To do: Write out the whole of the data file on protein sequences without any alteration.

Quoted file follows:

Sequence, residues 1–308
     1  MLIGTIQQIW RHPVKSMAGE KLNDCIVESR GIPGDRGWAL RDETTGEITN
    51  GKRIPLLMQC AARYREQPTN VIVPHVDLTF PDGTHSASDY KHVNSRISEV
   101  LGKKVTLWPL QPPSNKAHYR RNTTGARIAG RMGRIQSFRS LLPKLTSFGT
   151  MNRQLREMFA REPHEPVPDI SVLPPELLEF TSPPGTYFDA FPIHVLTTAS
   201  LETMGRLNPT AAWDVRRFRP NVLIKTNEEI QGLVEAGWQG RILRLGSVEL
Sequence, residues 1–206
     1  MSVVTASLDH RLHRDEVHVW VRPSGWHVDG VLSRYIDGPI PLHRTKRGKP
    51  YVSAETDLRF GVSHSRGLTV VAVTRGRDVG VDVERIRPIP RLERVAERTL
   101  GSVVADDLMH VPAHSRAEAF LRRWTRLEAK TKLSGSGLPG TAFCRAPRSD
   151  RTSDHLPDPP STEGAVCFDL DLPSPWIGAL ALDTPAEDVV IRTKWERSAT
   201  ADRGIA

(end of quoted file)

Sequence, residues 1–308
     1  MLIGTIQQIW RHPVKSMAGE KLNDCIVESR GIPGDRGWAL RDETTGEITN
    51  GKRIPLLMQC AARYREQPTN VIVPHVDLTF PDGTHSASDY KHVNSRISEV
   101  LGKKVTLWPL QPPSNKAHYR RNTTGARIAG RMGRIQSFRS LLPKLTSFGT
   151  MNRQLREMFA REPHEPVPDI SVLPPELLEF TSPPGTYFDA FPIHVLTTAS
   201  LETMGRLNPT AAWDVRRFRP NVLIKTNEEI QGLVEAGWQG RILRLGSVEL
Sequence, residues 1–206
     1  MSVVTASLDH RLHRDEVHVW VRPSGWHVDG VLSRYIDGPI PLHRTKRGKP
    51  YVSAETDLRF GVSHSRGLTV VAVTRGRDVG VDVERIRPIP RLERVAERTL
   101  GSVVADDLMH VPAHSRAEAF LRRWTRLEAK TKLSGSGLPG TAFCRAPRSD
   151  RTSDHLPDPP STEGAVCFDL DLPSPWIGAL ALDTPAEDVV IRTKWERSAT
   201  ADRGIA